Happy and successful alumni don't just have high-paying careers—they also give back, argue Sarah Hansen and Matt Schifrin in Forbes.
According to Hansen and Schifrin, measuring a college's ROI against only employment and salary metrics fails to capture a critical feature of excellent colleges: alumni donations.
To measure this type of ROI, Forbes created the Grateful Graduates Index. The index ranks private not-for-profit colleges with more than 500 students by best return on investment, as measured by the average percentage of graduates who donated in the last three years and the median amount donated per student across the last seven years.
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Here are the top 10 colleges with the most grateful grads, according to Forbes:
1. Dartmouth College
2. Williams College
3. Princeton University*
4. Amherst College
5. Davidson College
6. Claremont McKenna College
7. Haverford College
8. Wellesley College*
9. Wabash College
10. University of Notre Dame*
*Editor's note: EAB congratulates our member institutions for their rankings on Forbes' list. Member institutions listed below have been marked with an *asterisk.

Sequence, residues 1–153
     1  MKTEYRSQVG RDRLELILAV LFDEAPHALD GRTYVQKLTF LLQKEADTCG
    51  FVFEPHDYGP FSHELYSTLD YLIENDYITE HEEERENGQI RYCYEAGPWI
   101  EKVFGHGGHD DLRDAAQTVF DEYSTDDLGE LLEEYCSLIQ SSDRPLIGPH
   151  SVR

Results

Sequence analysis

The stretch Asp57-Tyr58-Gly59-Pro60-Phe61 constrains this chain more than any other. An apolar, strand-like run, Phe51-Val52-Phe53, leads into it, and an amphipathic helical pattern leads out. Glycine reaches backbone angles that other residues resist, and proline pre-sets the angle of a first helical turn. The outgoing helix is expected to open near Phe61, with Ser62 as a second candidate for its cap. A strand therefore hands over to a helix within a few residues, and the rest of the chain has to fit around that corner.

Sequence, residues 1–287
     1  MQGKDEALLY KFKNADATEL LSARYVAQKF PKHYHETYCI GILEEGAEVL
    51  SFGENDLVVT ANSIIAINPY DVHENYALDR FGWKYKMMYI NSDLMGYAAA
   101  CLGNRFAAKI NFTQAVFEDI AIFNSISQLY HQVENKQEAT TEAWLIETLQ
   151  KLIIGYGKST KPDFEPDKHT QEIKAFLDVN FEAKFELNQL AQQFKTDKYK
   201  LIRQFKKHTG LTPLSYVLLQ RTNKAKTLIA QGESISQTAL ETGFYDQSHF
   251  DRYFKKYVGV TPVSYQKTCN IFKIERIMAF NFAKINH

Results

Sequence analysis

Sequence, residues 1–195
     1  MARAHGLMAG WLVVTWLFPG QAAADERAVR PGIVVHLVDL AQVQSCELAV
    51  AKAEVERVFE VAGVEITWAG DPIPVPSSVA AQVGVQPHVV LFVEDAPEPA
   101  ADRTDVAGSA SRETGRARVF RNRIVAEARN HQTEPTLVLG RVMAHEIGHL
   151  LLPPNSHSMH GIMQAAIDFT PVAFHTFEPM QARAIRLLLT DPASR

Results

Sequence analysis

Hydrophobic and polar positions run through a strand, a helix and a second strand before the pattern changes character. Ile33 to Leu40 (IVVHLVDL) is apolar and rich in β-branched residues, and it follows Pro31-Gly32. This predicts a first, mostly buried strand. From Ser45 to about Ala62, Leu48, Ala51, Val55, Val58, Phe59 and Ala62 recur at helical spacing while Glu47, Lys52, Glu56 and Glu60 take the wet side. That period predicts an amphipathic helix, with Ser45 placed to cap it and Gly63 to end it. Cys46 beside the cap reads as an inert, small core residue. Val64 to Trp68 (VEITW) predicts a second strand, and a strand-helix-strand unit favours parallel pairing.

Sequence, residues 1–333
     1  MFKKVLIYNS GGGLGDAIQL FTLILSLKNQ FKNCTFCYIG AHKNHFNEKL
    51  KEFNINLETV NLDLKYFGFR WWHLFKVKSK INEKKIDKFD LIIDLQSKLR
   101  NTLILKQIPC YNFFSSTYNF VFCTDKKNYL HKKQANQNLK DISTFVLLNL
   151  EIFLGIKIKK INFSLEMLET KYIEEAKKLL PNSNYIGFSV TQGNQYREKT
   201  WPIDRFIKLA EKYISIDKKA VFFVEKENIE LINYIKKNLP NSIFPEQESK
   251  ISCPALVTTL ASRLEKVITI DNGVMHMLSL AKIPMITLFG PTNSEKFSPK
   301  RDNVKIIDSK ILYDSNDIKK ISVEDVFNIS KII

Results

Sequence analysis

With the index, Forbes aims to level the playing field between smaller liberal arts colleges and larger STEM-focused universities, write Hansen and Schifrin. Larger universities tend to graduate students who land high-paying jobs in tech or finance, while smaller schools produce students who tend to earn less, but may be happier.
Dartmouth College, for example, beat out larger universities to snag the top spot for the second year in a row. Dartmouth has a median seven-year donation of $24,000 and an average participation rate of 41%, according to the index. Larger schools might have more donations in terms of total dollars, but rank lower on the index due to lower alumni participation rates, write Hansen and Schifrin.
Alumni giving may decline overall across the next few years due to a new tax rules about itemizing and charitable tax deductions, predicts Brian Flahaven, the senior director for advocacy at the Council for Advancement and Support of Education. These new tax rules will disproportionately affect younger alumni who tend to give small- to mid-size donations, he adds. "That pipeline of new younger donors is really what we're most concerned about," he told Forbes.
Megan Morey, the vice president for college relations at Williams College, says she has already seen dip in donations from younger alumni. In response, Williams is developing new methods to encourage engagement among recent graduates, such as matching volunteer hours to dollar donations. "We're working very hard to reverse that trend in alumni giving," she says (Hansen/Schifrin, Forbes, 8/21).
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